What Training Is Needed to Be a Paramedic?
The most highly-trained of emergency medical technicians (EMTs), paramedics provide first-response care to people who are sick or injured. Paramedics are trained to provide medications, read electrocardiograms (EKGs) and use medical equipment. They work in- and outdoors, and irregular hours are typical. Stress management, safety protocols and the ability to lift large amounts of weight are important aspects of a paramedic's work.
How to Become a Paramedic
Step 1: Earn a High School Diploma
Paramedic training programs require students to have a high school diploma or GED to enroll. High school students considering careers as paramedics should take courses in the sciences, health studies and anatomy.
Step 2: Complete CPR Training
Certified competency in cardiopulmonary resuscitation is a requirement for EMT and paramedic training programs. Paramedics must maintain CPR training throughout their careers.
Step 3: Complete EMT-Basic Training
An EMT-Basic program covers such emergency medical situations as choking, bleeding, childbirth, heart attacks and broken bones. The course also covers the use of medical equipment, including splints, stretchers, oxygen masks and backboards. Students learn in the classroom and in the field, riding in ambulances. After completing the course, students apply for certification from the National Registry of Emergency Medical Technicians (NREMT) at the EMT-Basic level.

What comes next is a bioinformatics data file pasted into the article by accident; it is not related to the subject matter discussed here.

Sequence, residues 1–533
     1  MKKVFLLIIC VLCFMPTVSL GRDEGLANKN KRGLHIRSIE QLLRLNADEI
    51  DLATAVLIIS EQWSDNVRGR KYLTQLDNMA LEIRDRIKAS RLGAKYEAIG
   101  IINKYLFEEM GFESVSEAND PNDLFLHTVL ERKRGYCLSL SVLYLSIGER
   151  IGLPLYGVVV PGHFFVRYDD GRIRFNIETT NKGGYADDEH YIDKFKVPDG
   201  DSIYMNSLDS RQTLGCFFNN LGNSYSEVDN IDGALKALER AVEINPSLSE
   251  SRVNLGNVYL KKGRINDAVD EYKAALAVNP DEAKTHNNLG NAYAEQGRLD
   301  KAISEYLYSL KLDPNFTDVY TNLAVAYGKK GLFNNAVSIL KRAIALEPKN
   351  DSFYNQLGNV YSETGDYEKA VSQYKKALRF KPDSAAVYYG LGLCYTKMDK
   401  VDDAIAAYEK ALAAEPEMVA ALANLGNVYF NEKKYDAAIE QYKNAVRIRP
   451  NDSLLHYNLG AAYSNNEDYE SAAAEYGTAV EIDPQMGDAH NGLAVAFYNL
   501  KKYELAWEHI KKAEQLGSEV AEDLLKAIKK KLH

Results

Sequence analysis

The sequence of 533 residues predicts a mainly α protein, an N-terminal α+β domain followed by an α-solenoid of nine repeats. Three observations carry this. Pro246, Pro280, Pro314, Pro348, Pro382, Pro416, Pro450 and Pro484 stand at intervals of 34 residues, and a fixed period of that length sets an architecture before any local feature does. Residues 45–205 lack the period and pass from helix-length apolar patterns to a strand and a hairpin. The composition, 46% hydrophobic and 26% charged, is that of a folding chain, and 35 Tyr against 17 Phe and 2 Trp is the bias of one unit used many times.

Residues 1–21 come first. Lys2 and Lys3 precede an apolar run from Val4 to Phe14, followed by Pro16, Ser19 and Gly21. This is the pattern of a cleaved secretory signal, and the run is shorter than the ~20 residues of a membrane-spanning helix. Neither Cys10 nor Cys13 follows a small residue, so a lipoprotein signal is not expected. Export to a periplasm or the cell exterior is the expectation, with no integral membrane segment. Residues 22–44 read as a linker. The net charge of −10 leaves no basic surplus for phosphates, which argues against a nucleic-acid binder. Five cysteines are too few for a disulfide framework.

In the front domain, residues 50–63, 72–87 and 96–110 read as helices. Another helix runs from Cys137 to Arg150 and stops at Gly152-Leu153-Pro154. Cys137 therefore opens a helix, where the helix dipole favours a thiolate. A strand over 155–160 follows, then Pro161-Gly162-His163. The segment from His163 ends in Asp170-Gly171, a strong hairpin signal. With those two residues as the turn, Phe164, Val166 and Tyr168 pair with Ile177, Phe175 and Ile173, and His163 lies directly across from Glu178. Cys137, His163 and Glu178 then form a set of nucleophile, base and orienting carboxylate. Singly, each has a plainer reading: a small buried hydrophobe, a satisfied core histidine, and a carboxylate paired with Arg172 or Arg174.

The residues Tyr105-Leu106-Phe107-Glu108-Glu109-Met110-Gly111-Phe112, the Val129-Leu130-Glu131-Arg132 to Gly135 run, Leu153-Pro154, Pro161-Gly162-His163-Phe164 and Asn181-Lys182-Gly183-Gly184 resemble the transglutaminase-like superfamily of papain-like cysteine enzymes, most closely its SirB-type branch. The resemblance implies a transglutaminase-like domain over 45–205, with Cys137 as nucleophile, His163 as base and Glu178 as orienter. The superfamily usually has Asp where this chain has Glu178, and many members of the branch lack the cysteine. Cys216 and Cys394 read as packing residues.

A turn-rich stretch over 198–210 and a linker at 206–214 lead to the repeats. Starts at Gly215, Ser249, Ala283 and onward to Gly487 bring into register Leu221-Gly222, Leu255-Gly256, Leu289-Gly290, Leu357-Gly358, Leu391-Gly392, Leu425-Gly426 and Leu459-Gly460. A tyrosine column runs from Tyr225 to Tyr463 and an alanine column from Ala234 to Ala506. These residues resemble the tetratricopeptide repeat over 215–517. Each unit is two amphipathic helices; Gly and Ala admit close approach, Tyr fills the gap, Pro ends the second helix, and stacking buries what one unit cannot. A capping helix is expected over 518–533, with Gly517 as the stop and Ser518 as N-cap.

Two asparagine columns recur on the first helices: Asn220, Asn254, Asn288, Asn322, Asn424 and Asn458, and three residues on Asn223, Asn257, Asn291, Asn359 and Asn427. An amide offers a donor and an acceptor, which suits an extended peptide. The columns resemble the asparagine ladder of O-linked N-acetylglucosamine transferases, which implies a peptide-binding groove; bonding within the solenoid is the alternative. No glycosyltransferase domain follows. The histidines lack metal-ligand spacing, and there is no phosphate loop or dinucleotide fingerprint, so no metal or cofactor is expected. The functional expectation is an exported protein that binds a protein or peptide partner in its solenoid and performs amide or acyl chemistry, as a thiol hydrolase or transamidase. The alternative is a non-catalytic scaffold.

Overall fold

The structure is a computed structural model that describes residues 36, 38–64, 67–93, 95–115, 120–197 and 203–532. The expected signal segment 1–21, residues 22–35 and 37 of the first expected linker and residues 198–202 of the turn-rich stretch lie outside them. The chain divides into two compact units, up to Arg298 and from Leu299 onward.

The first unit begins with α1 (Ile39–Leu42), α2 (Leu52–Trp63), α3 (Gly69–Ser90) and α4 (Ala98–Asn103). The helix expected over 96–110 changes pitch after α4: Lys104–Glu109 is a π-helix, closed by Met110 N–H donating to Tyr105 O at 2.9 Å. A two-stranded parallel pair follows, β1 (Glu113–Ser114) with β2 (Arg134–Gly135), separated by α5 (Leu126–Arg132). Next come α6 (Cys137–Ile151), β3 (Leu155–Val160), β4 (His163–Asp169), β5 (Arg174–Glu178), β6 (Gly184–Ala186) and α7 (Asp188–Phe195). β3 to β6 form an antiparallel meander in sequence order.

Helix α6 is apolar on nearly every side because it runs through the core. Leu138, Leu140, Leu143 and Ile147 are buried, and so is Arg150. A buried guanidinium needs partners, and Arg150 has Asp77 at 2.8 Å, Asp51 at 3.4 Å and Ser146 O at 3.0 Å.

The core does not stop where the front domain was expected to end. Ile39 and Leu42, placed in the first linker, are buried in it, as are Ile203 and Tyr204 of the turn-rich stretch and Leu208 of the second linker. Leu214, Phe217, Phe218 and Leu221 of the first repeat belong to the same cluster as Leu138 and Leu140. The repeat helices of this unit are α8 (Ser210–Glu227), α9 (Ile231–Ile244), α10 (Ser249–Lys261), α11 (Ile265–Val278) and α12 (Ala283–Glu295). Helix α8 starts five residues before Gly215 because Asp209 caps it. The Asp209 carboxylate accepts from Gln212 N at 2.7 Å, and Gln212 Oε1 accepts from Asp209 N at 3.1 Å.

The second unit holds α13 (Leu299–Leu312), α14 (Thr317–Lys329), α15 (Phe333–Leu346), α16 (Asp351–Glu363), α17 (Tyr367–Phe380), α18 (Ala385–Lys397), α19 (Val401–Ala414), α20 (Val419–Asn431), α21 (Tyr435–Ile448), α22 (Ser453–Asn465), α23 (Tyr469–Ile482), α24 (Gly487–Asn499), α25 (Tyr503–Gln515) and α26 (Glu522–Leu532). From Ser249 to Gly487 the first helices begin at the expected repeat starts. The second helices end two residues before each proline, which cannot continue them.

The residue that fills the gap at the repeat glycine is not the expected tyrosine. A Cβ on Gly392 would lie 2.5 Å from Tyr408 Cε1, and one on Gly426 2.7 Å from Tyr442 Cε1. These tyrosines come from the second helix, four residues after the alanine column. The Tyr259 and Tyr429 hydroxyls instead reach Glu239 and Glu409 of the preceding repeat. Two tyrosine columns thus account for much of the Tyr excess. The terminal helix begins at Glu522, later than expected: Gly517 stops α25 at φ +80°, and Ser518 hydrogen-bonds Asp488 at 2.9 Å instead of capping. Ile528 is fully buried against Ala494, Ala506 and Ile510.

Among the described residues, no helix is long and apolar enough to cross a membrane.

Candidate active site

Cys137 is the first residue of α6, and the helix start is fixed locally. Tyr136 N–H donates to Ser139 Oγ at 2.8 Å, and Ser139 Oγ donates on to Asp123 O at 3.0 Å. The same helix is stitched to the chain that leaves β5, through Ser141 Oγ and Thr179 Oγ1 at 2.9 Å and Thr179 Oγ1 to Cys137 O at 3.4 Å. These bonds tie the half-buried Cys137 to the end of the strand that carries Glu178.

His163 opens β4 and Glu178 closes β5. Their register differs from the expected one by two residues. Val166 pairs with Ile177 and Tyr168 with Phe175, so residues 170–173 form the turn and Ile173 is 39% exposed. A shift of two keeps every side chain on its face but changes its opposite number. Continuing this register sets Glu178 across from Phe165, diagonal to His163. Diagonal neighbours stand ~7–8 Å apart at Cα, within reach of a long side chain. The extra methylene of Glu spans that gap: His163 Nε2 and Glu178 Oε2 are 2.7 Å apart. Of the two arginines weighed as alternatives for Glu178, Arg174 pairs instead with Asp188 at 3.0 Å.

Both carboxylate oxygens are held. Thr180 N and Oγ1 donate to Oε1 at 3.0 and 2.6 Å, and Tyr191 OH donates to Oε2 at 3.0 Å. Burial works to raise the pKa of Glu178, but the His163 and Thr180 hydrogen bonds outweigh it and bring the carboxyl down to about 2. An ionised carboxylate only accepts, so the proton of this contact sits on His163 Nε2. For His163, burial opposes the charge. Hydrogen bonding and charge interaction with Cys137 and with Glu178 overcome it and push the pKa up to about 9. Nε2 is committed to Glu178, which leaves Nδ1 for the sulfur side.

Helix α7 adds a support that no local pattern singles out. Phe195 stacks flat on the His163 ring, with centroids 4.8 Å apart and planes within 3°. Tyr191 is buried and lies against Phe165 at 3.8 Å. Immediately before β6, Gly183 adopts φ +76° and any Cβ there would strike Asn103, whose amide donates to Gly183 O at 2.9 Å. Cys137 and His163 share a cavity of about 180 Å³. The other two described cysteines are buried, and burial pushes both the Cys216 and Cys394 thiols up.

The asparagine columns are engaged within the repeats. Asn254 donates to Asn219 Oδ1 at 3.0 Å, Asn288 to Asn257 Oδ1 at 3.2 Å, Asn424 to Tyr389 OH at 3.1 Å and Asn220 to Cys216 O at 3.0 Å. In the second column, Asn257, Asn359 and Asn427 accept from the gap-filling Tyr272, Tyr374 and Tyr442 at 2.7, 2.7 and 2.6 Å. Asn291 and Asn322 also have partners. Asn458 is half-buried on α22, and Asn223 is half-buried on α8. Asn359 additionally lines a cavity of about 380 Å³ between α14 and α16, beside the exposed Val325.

Step 4: Complete Paramedic Coursework
Offered through either a certificate or associate's degree program, paramedic coursework covers anatomy, physiology and higher-level medical techniques. Students learn to work in an ambulance or aeromedical service. Some of the more advanced medical applications include inserting an IV, handling potentially dangerous blood and establishing order in chaotic situations. Obtaining information from difficult patients and leading a team of EMTs are also discussed. Students in an associate's degree program must complete general education requirements.
Step 5: Get Certified
Upon completion of an approved program, paramedics may apply for national NREMT paramedic certification, which involves passing a test. The test includes a computerized exam covering airways and breathing, trauma and medical, pediatrics and EMS (emergency medical services) operations. A hands-on portion of the test looks at the paramedic's ability to handle real-world situations.
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